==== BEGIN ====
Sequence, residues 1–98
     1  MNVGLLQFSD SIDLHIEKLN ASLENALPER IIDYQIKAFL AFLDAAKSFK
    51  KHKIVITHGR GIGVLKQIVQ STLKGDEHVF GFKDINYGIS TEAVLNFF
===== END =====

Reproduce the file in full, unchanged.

Sequence, residues 1–98
     1  MNVGLLQFSD SIDLHIEKLN ASLENALPER IIDYQIKAFL AFLDAAKSFK
    51  KHKIVITHGR GIGVLKQIVQ STLKGDEHVF GFKDINYGIS TEAVLNFF